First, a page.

According to reports out of France on Saturday, an unidentified man armed with a knife started stabbing people in central Paris, resulting in several injuries. According to The New York Times, the incident took place in a neighborhood close to the Palais Garnier opera house.
According to reporting from the BBC, multiple people have been confirmed dead as a result of the attack, although that figure includes the attacker himself. Police reportedly attempted to subdue the attacker with a taser, but when that wasn't successful, they fired two shots at him, killing him.
The French authorities did not immediately released any statement regarding the intent or motivations of the attacker, if indeed any exists. This is far from the first time that a violent mass stabbing has taken place in the French capital ― just months ago, in February, a reported six victims were stabbed in a similar incident near a Eurostar station in the city's 18th arrondissement.
In this case, the stabbings took place in the city's second arrondissement, close to the Paris opera district. Two people injured in the attack are reportedly in serious condition, although more specific details about the state of the wounded have not yet been released.
According to reports, multiple people were non-fatally injured as a result of the knife attack, although considering there have been reports of serious injuries, it remains to be seen whether the death toll climbs any higher. It's important to remember that precise information can be difficult to confirm in the aftermath of unexpected, violent events like these, and initial reports are often later proven misleading or incorrect. In short, clarity is often much more easily achieved after some time has passed from the initial incident.
According to a tweet from the Paris police on Saturday, two people are dead ― the attacker and one of his victims ― while two more are "seriously" injured, and two more "slightly" injured. There still hasn't been any word as to what motivated the attack, although that's not necessarily surprising; law enforcement authorities are often reluctant to jump the gun on public statements regarding motive.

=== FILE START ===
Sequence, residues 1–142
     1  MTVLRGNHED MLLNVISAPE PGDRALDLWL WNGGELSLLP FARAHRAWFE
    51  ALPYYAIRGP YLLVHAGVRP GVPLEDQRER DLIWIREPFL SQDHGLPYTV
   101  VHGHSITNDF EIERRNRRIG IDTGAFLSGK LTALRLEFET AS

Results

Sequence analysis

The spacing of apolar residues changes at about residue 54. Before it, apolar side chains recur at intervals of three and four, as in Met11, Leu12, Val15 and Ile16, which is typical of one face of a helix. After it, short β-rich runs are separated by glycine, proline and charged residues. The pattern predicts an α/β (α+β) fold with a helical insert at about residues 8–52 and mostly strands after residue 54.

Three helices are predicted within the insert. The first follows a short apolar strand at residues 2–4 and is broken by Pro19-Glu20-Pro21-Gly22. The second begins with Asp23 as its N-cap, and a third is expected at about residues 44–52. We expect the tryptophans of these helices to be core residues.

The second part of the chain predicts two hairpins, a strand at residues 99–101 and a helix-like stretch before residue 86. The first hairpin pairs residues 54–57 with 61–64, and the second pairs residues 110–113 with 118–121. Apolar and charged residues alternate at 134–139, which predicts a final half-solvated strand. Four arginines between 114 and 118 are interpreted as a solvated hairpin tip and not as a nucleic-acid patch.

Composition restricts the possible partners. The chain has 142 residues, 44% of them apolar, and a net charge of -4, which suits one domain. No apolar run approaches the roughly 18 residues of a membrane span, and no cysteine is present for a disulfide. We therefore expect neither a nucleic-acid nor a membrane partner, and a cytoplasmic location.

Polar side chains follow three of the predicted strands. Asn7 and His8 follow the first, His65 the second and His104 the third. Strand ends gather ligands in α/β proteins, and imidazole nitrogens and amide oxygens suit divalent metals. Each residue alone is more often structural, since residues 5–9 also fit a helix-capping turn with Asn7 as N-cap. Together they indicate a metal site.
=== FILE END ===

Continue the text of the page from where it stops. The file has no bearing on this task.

Gerard Collomb, the interior minister of France, addressing the grisly stabbing attack on Twitter, praising the police for "neutralizing" the attacker.
"My first thoughts are for the victims in this odious attack," Collomb said, according to CNN.
The attack comes the same week as current and former French officials voiced outrage at President Donald Trump, for his recent mention of the hyper-deadly Bataclan terrorist attack in 2015. Trump, speaking before a convention of the National Rifle Association, insisted that the attack would've been less deadly if not for France's stout gun control laws, and made a gesture mimicking the shooting of French civilians.
Former French president Francois Hollande denounced Trump for the statement, calling it "shameful" and "obscene," and the French foreign office released a statement expressing similar sentiments.
"France expresses its firm disapproval of President Trump's comments about the Paris attacks on Nov. 13, 2015 and demands that the memory of the victims be respected," the statement said. "Every country freely decides on its own laws on carrying firearms, as in other areas. France is proud to be a country where acquiring and carrying firearms is strictly regulated."
It remains to be seen whether the French authorities will release any additional information about the attacker, whether relating to his identity or his possible motivations. What's already clear, however, is that the attack created a fearful and chaotic scene in the Parisian opera district, and at least two of the injured victims are reportedly still in serious condition.